Some manufacturers advertise their cannabis products as providing certain benefits specifically due to their terpene content. These claims are generally unfounded, or even illegal if they include medical effects, as there is no (sufficient) scientific evidence to support them. The truth is that scientists have yet to research to what extent terpenes exert effects, either by themselves, or in combination with cannabinoids. Outcomes on cannabinoid-terpene combination effects that would be stronger than the sum of the individual effects (which is another claim that is commonly made) are generally inconclusive, or do not find any extra-proportional effects. For example, a recent study in cells by researcher Finlay and colleagues found that none of the five major cannabinoid terpenes (myrcene, α- and β- pinene, β-caryophyllene, and limonene) directly interact with the human endocannabinoid receptors, CB1 and CB2,10 while another study from 2019 that looked at α-Pinene, β-pinene, β-caryophyllene, linalool, limonene, and β-myrcene also showed that these terpenes do not modulate the functional activity of Δ9-THC at human CB1 and CB2 receptors.9 A study by Gallily and colleagues found that three essential oils rich in terpenoids can alleviate acute inflammation, while purified CBD alone is more effective in chronic (long-lasting) inflammation compared to the terpenoid-rich oils.11 Many effect suggestions and claims are based on animal studies in which dosages that are too high for humans are administrated via a route one would never choose, for example, via an injection. Studies like these are interesting, but are not applicable to what would happen if one inhaled or swallowed only a small amount of terpenes. Could terpenes in their naturally occurring amounts in cannabis plants exert psychoactive and physiological effects in humans? It is possible, but there is little to no proof, and outcomes of the more abundant animal studies are not directly translatable to the human situation. We know that some animal studies showed that limonene was anxiolytic, myrcene gave sedative, analgesic, and muscle relaxant effects, pinene improved gastrointestinal tract motility, while linalool produced anxiolytic, sedative, and anticonvulsant effects.9 Silexan, a product containing the terpenes linalool and linalyl acetate extracted from lavender oil, has been observed to decrease anxiety when taken in high dosages via an oral capsule (note that linalyl acetate is not found in cannabis).12 Researcher John McPartland summarized results from various studies on the most prominent cannabis terpenes and their effects as found in tissue and in animals, see more in Table 1. Note that tissue and animal studies do not necessarily translate to human situations, and the effects should not be considered valuable for any type of (self) medication. The dosages used in these studies are, moreover, not representative of the terpene quantities typically seen in cannabis (products). Terpenes certainly affect our bodies, but studies have yet to uncover how exactly and what it could mean to our health and general functioning. There are ongoing studies (for example, see the study by Johns Hopkins University) which should tell us more in the coming time about the interaction between THC, CBD, and single terpenes, about which we will keep you updated. Table 1. The summary of characteristics of the most common terpenes in cannabis plants.13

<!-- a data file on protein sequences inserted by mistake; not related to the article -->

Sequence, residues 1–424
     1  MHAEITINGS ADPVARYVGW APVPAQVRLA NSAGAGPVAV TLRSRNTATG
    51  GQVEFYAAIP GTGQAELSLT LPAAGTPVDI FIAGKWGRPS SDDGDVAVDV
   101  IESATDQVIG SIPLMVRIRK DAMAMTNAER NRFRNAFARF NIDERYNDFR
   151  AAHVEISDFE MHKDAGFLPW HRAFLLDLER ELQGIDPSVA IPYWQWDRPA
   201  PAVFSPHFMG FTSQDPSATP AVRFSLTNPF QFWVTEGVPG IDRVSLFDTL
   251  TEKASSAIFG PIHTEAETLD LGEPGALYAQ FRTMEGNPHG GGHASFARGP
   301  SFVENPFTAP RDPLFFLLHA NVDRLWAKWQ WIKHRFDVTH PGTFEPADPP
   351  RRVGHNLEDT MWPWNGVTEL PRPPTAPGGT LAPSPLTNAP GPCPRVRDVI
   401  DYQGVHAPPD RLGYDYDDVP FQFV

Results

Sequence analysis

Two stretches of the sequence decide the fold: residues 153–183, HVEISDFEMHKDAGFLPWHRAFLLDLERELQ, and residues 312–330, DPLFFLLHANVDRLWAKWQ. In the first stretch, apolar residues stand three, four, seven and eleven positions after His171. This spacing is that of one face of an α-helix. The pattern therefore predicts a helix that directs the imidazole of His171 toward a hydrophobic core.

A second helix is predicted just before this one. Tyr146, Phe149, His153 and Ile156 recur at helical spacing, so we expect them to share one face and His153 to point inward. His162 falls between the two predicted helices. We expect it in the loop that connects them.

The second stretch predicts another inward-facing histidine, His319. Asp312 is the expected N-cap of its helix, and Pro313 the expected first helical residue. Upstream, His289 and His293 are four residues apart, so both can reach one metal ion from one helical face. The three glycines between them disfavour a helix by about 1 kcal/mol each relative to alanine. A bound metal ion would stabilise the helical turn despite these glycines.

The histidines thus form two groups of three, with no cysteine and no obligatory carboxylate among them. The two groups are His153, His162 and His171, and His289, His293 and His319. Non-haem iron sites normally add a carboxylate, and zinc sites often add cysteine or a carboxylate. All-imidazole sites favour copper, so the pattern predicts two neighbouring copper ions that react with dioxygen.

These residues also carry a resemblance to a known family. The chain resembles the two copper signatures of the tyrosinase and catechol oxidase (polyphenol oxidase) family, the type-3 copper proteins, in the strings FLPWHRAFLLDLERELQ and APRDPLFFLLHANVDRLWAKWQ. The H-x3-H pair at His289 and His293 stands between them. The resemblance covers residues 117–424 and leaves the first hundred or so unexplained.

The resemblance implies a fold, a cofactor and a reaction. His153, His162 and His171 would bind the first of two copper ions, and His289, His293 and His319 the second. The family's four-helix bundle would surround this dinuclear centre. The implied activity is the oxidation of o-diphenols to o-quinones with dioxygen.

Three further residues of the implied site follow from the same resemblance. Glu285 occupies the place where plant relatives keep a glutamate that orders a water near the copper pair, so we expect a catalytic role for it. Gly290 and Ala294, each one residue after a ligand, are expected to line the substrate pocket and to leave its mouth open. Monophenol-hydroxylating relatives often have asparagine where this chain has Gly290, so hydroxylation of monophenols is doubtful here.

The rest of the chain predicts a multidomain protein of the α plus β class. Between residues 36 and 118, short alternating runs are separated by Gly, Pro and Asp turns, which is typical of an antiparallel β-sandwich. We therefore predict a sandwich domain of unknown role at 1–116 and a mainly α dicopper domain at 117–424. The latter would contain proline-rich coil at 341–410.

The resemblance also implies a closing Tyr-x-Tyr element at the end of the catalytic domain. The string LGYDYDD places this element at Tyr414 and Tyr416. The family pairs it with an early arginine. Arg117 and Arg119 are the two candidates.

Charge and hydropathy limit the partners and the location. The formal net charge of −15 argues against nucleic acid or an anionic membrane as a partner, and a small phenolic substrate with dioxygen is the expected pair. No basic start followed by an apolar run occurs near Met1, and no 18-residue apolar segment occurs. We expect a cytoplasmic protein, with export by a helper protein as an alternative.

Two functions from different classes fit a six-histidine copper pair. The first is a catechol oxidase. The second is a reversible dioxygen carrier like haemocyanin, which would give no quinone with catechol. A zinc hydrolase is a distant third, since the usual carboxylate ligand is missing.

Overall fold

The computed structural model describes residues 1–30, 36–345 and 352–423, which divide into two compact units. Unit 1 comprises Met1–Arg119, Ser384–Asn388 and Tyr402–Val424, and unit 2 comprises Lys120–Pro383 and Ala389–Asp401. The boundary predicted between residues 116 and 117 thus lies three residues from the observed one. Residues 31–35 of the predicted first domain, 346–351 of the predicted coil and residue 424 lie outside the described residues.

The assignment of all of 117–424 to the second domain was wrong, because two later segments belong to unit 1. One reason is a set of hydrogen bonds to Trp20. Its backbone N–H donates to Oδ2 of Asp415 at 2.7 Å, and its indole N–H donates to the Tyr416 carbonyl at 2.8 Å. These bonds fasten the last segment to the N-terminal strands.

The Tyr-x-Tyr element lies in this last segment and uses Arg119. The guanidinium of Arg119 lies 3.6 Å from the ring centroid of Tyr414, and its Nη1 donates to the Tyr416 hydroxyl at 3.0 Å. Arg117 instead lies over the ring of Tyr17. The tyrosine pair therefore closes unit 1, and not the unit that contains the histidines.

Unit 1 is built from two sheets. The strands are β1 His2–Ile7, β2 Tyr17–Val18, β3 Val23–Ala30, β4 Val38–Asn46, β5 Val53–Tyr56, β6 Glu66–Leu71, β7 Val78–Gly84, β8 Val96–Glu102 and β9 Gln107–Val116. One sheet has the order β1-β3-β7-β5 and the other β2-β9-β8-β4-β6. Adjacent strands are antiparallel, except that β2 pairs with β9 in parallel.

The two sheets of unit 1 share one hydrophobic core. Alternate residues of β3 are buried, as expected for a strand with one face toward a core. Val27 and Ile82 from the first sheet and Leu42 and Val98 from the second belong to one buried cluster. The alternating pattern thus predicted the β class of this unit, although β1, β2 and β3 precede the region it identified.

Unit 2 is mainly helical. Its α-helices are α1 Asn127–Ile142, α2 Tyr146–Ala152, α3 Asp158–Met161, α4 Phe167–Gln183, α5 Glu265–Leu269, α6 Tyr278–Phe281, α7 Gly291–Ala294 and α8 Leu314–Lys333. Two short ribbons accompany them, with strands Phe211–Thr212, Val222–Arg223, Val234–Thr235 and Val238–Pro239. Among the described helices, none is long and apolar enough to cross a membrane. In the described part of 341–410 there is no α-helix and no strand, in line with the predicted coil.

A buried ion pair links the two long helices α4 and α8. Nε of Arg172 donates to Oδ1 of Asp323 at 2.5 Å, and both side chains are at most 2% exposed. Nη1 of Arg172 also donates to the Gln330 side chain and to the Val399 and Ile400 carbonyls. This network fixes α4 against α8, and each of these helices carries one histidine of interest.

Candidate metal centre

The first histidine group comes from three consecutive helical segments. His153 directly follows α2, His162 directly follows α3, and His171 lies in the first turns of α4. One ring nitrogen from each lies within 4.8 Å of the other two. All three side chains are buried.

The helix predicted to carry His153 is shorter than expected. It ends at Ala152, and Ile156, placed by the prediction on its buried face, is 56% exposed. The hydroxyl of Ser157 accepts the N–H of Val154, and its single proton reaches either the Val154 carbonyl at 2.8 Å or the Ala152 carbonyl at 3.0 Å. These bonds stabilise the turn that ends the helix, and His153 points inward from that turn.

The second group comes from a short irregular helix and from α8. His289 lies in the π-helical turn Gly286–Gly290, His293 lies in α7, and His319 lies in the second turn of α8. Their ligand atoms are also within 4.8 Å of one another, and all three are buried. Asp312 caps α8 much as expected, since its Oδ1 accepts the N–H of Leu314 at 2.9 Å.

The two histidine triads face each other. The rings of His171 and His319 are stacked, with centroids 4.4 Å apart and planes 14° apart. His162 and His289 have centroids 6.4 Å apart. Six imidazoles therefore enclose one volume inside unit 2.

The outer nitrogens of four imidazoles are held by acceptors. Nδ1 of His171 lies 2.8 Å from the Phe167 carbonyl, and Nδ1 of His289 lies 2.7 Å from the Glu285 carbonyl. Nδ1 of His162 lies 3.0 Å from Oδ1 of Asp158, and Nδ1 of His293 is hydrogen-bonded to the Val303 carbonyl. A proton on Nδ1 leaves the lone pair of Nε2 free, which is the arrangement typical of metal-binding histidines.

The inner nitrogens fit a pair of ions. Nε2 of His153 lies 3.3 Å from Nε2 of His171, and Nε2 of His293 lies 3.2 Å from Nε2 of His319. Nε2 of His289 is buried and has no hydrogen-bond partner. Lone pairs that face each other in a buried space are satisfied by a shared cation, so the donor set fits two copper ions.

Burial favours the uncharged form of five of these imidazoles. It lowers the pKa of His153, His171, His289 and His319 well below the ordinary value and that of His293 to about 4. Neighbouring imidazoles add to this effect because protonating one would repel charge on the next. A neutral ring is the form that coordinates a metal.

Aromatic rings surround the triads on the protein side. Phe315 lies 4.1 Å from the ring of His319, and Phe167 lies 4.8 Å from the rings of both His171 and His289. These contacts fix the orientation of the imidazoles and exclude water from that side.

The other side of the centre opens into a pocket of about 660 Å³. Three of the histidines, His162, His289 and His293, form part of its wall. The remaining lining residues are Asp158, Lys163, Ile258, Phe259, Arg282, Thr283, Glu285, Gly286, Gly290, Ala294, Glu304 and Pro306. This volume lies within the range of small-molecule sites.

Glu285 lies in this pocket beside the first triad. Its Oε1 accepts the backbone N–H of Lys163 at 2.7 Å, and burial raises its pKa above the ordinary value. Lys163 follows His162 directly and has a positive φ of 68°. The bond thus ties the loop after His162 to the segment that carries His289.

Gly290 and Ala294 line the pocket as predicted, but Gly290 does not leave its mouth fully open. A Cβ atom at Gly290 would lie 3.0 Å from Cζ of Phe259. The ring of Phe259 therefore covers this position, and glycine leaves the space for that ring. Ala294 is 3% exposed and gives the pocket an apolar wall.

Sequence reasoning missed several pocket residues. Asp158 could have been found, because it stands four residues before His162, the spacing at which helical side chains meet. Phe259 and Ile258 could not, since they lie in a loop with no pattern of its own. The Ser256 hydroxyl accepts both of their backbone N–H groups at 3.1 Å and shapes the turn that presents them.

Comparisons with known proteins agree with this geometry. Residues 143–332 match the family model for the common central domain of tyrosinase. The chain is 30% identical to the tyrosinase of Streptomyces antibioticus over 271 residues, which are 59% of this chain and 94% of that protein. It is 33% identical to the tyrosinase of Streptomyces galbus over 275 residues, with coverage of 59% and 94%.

Terpene Concentration Properties
β-myrcene 0.47% Analgesic; Antiinflammatory; Antibiotic; Antimutagenic
β-caryophyllene 0.05% Antiinflammatory; Cytoprotective (gastric mucosa); Antimalarial
d-limonene 0.14% Immune potentiator; Antidepressant; Antimutagenic
linalool 0.002% Sedative; Antidepressant; Anxiolytic; Immune potentiator
pulegone 0.001% AChE inhibitor; Sedative; Antipyretic
1,8-cineole (eucalyptol) >0.001% AChE inhibitor; Increases cerebral blood flow; Stimulant; Antibiotic; Antiviral; Antiinflammatory; Antinociceptive
α-pinene 0.04% Antiinflammatory; Bronchodilator; Stimulant; Antibiotic; Antineoplastic; AChE inhibitor
α-terpineol 0.02% Sedative; Antibiotic; AChE inhibitor; Antioxidant; Antimalarial
terpineol-4-ol 0.0004% AChE inhibitor; Antibiotic
p-cymene 0.0004% Antibiotic; Anticandidal; AChE inhibitor
borneol 0.008% Antibiotic
∆-3-carene 0.004% Antiinflammatory
  1. Dev, Sukh (1989). Terpenoids. Natural Products of Woody Plants (691-807). Springer, Berlin, Heidelberg.
  2. Krill, C.; Rochfort, S.; Spangenberg, G. (2020). A High-Throughput Method for the Comprehensive Analysis of Terpenes and Terpenoids in Medicinal Cannabis Biomass. Metabolites, 10(7), 276.
  3. Upton, Roy; Craker, Lyle; ElSohly, Mahmoud; Romm, Aviva; Russo, Ethan; Sexton, Michelle (2014). Cannabis Inflorescence Standards of identify, analysis and quality control (65). American Herbal Pharmacopoeia.
  4. Dudareva, Natalia; Pichersky, Eran; Gershenzon, Jonathan (2004). Biochemistry of plant volatiles (1893-902).
  5. Reinhard, Judith; Srinivasan, Mandyam V.; Zhang, Shaowu (2004). Olfaction: scent-triggered navigation in honeybees. Nature, 427(6973), 411.
  6. Mccreath, Simone Badal; Delgoda, Rupika (2017). Pharmacognosy: Fundamentals, Applications and Strategies. Academic Press.
  7. Pertwee, Roger G. (2014). Handbook of Cannabis. Handbooks in Psychopharmacology, 44(8), 085201.
  8. Aizpurua-Olaizola, Oier; Soydaner, Umut; Ozturk, Ekin; Schibano, Daniele; Simsir, Yilmaz; Navarro, Patricia; Etxebarria, Nestor; Usobiaga, Aresatz (2016). Evolution of the Cannabinoid and Terpene Content during the Growth of Cannabis sativa Plants from Different Chemotypes. Journal of natural products, 79(2), 324--331.
  9. Santiago, Marina; Sachdev, Shivani; Arnold, Jonathon C.; McGregor, Iain S.; Connor, Mark (2019). Absence of entourage: Terpenoids commonly found in Cannabis sativa do not modulate the functional activity of Δ9-THC at human CB1and CB2 receptors. bioRxiv
  10. Finlay, David B. (2020). Terpenoids from cannabis do not mediate an entourage effect by acting at cannabinoid receptors. Frontiers in pharmacology, 11, 359.
  11. Gallily, Ruth; Yekhtin, Zhannah; Hanuš, Lumír Ondřej (2018). The anti-inflammatory properties of terpenoids from cannabis. Cannabis and cannabinoid research, 3(1), 282-290.
  12. Müller, Walter E.; Sillani, Giacomo; Schuwald, Anita; Friedland, Kristina (2021). Pharmacological basis of the anxiolytic and antidepressant properties of Silexan®, an essential oil from the flowers of lavender. Neurochemistry International, 143
  13. McPartland, John M.; Russo, Ethan B. (2001). Cannabis and cannabis extracts: greater than the sum of their parts?. Journal of Cannabis Therapeutics, 1(3-4), 103-132.